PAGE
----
This animated montage (the additions appear as animated features) de-familiarises the advertisements, their strangeness constituting a surreal interlude that is perhaps an expression of Max’s desire to control the personal situation he is now encountering as the process to ‘manage’ his public suicide begins. As he can transform the glossy advertisements into surreal artworks, at this point he is hopeful that publicising his own death will be a process he can influence and direct. Presenting an association between women and meat quite literally in a single image is also a mode of politicised discourse/imagery, a re-contextualising technique used in different contexts by filmmakers including Buñuel and Godard.
The sequence proceeds with a close-up of a blonde-haired woman’s face (Helen Mirren), with a pink light on the set partially illuminating her hair. The camera moves down her body to show in close-up her costume: a heavy and shiny, ribbed pink coat, long black gloves, black fishnet tights, patent leather heels and a black corset patterned with shiny, pink flowers with sequin details. She says: ‘Do you want me?’, and ‘if you do, there’s something you’ve got to get for me’. The pink light shines on different parts of her body as she turns and poses, while the dynamic camera deploys emphatic moves such as a low-angled shot that then zooms into a close-up of her face which becomes totally infused by the artificial pink light. Her playful dialogue lists some quirky, salacious options before she reveals that what she really desires is to be bought a brand of shiny and orange rubber washing-up gloves. She then throws up her arms to show that she is wearing them, describing the gloves as ‘smooth on the inside, they’re absolutely leak-proof; use them for all your dirty work!’ as she caresses her body. The sequence concludes with Max carrying the woman off, disrupting the performance and protesting ‘that was rubbish’. By this time the studio and filming equipment are visible, making clear that the sequence has indeed been an extremely exaggerated, playful television advertisement for rubber gloves. Max’s intervention is not part of it, signalled by the wild, frenetic change in style of shots that, we surmise, accidentally capture the disruption.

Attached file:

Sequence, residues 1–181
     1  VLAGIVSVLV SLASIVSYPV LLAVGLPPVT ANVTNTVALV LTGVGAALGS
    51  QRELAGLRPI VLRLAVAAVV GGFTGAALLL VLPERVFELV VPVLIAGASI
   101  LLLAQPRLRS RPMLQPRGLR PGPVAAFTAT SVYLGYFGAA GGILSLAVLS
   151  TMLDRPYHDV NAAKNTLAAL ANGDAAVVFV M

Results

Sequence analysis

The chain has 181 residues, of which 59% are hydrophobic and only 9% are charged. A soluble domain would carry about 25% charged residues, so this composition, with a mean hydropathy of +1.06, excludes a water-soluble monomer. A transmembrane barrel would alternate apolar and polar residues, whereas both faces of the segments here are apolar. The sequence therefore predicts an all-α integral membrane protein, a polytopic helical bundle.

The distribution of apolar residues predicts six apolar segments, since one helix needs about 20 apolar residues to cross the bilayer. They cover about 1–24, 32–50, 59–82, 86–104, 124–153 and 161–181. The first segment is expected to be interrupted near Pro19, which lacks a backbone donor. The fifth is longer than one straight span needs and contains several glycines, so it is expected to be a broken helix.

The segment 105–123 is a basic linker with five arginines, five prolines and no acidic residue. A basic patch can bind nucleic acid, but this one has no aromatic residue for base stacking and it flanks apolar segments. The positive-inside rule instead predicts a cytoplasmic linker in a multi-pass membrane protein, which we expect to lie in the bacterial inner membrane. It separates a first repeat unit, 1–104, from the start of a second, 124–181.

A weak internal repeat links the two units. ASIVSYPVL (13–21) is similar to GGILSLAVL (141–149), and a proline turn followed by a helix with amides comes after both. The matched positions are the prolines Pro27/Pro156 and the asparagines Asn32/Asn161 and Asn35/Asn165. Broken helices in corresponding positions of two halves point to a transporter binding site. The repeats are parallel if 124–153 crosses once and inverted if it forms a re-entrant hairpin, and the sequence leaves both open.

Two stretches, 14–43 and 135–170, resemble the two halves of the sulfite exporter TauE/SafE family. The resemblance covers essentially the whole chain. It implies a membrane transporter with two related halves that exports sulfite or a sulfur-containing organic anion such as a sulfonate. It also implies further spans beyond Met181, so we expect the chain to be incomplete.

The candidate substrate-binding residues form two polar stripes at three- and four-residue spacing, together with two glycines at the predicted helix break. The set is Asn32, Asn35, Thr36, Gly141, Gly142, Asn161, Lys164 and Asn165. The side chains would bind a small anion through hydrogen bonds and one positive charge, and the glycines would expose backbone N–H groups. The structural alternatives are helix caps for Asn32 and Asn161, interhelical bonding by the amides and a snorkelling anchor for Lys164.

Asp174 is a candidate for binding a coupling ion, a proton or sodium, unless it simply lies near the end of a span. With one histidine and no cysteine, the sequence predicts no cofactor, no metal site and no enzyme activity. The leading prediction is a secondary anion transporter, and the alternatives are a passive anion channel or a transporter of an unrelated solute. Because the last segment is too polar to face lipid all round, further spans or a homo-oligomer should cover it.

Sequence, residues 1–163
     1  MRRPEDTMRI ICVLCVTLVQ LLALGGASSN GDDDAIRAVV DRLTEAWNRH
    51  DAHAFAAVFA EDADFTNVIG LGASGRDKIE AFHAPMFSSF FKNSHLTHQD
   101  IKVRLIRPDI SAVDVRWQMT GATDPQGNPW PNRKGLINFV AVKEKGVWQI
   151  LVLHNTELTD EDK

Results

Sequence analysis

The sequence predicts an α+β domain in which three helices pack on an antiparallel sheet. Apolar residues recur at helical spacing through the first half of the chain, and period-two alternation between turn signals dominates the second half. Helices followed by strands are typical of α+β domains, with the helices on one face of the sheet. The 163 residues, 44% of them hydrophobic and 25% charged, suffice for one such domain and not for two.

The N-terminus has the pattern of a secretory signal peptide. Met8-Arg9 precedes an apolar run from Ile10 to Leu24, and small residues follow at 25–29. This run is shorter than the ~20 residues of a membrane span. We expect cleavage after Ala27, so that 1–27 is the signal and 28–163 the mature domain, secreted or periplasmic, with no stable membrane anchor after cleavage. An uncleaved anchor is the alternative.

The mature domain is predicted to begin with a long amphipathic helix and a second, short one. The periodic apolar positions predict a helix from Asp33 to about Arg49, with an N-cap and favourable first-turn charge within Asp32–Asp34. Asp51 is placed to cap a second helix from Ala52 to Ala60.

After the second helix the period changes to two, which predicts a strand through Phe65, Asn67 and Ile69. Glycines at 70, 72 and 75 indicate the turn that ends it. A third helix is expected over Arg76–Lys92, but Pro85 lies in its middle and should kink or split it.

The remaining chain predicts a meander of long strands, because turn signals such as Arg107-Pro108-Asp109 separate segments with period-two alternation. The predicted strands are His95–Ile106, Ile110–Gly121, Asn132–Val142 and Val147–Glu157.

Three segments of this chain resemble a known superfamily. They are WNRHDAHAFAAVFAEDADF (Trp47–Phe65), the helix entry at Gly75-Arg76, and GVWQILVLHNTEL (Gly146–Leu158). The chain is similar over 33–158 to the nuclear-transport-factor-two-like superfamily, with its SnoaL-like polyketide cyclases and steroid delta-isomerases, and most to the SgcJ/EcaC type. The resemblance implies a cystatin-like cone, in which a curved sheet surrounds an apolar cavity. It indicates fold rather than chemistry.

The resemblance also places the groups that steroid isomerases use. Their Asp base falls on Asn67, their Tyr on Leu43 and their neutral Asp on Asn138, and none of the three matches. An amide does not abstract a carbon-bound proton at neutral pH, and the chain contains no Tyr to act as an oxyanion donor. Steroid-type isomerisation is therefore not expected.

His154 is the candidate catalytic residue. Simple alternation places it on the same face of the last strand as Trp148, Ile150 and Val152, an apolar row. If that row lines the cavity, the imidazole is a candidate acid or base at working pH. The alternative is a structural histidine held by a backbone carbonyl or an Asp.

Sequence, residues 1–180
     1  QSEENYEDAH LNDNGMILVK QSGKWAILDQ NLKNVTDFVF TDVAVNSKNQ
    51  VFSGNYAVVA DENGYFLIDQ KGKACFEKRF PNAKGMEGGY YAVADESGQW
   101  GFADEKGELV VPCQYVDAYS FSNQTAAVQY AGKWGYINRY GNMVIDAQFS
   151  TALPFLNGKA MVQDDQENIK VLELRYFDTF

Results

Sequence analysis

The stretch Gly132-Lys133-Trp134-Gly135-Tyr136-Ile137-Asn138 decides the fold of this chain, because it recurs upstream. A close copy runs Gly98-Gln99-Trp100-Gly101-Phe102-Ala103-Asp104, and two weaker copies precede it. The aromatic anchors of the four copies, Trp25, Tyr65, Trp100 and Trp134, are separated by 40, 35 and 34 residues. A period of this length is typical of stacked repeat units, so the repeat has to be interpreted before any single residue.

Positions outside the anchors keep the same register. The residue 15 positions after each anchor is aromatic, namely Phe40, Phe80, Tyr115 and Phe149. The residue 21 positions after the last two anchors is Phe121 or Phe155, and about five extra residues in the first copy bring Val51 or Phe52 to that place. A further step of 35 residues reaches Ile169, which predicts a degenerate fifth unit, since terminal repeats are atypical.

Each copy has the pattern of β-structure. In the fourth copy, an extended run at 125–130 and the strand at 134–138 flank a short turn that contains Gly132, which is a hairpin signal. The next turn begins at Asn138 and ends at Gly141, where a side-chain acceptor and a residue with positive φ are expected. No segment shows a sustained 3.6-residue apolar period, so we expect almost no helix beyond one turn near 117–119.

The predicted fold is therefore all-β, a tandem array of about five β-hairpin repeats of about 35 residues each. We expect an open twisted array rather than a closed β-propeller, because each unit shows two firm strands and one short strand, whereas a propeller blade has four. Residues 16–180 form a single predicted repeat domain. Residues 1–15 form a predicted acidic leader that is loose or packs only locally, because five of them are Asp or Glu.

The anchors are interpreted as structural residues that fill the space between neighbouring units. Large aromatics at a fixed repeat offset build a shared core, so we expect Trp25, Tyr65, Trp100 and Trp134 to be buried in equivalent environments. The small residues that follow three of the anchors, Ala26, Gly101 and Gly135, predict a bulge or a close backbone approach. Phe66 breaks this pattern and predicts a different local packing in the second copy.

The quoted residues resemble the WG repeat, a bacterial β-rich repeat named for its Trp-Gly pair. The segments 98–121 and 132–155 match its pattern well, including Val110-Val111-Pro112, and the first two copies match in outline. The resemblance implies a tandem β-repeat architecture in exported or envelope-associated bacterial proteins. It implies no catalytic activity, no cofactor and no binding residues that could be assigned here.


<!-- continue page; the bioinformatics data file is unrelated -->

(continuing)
As with Privilege there is an emphasis on glossy surfaces, superficiality and performance, but the commentary on advertising is even more imbued with its radical critique. The way the sequence is framed, between the shot of Max looking into a mirror, and his rescue of the woman once the advertisement has concluded, implies that he is attempting some sort of control over the world he has joined. Like Steven, he seeks individual agency, but at this point Max is less aware that this is impossible. His collages shatter the seamless impact of the glossy magazines; the objects are far from the ‘unified display’ of the ‘single object of consumption’ identified by Jameson in his discussion of glossiness. The woman’s performance could be seen as a feminist parody of advertisements for household products; it is as if she is advertising her body as well as the gloves, while drawing attention to the often extremely absurd scripts used to advertise products. As Laura Mulvey comments, the female image in advertising did not necessarily refer to women in everyday life but ‘to an image that could be put into circulation as part of commodity culture, and as part of the general commodification of society’. Other feminist criticisms of advertising draw attention to stereotyping, and the sexualisation of women advertising domestic and other products. The orange colour of the gloves is significant because it was the first available colour from Marigold (although not named in the sequence), a British company that began manufacturing rubber gloves in 1947. Rubber gloves, designed for household use, have historically been identified with women and beauty merchandise for keeping hands soft, and to render invisible the harsh physical effects of housework, as indicated in Playtex’s advertisement for gloves in 1959 that assured customers: ‘You can have lovelier hands in 9 days’. Even contemporary advertising for Marigold gloves reflects this pitch with a bare-armed woman in a black polka dot dress with a red polka dot bow in her hair demonstrating yellow gloves.
The primary association in this strange, sexualised sequence in Herostratus is however fetishism in a double sense: the gloves are commodified by being presented as objects of desire, and the woman’s body is objectified in their presentation.
This representation can be linked to criticisms by contemporary psychologists concerning the sexualisation of advertising products such as cigarettes. It uses the conventions of glossy, surface colour but in a masquerade of sexualised femininity that draws attention to that very construction. The orange of the gloves introduces an on-trend colour while creating a stark contrast to the blacks and pinks of the woman’s costume. The gloves’ synthetic appearance also de-naturalises her hands and arms, and is reminiscent of Max’s disturbing collaged advertisements. The vivid pink light, a key signature for the sequence, exhibits a ‘transitory luminosity’ associated with bright colours: it is never stable, ranging over the woman’s body before totally enveloping it.
The latter can be read as an attempt to unify the image, with the woman subsumed by the artificiality of the pink’s glossy, synthetic veneer. As shown in Grisard’s study of pink and gender, since the mid-1950s the colour was marketed particularly aggressively for younger women consumers while reinforcing ‘the infantilization of adult women’s fashion, on the one hand, and the heteronormative feminization and sexualization of the girl child, on the other’.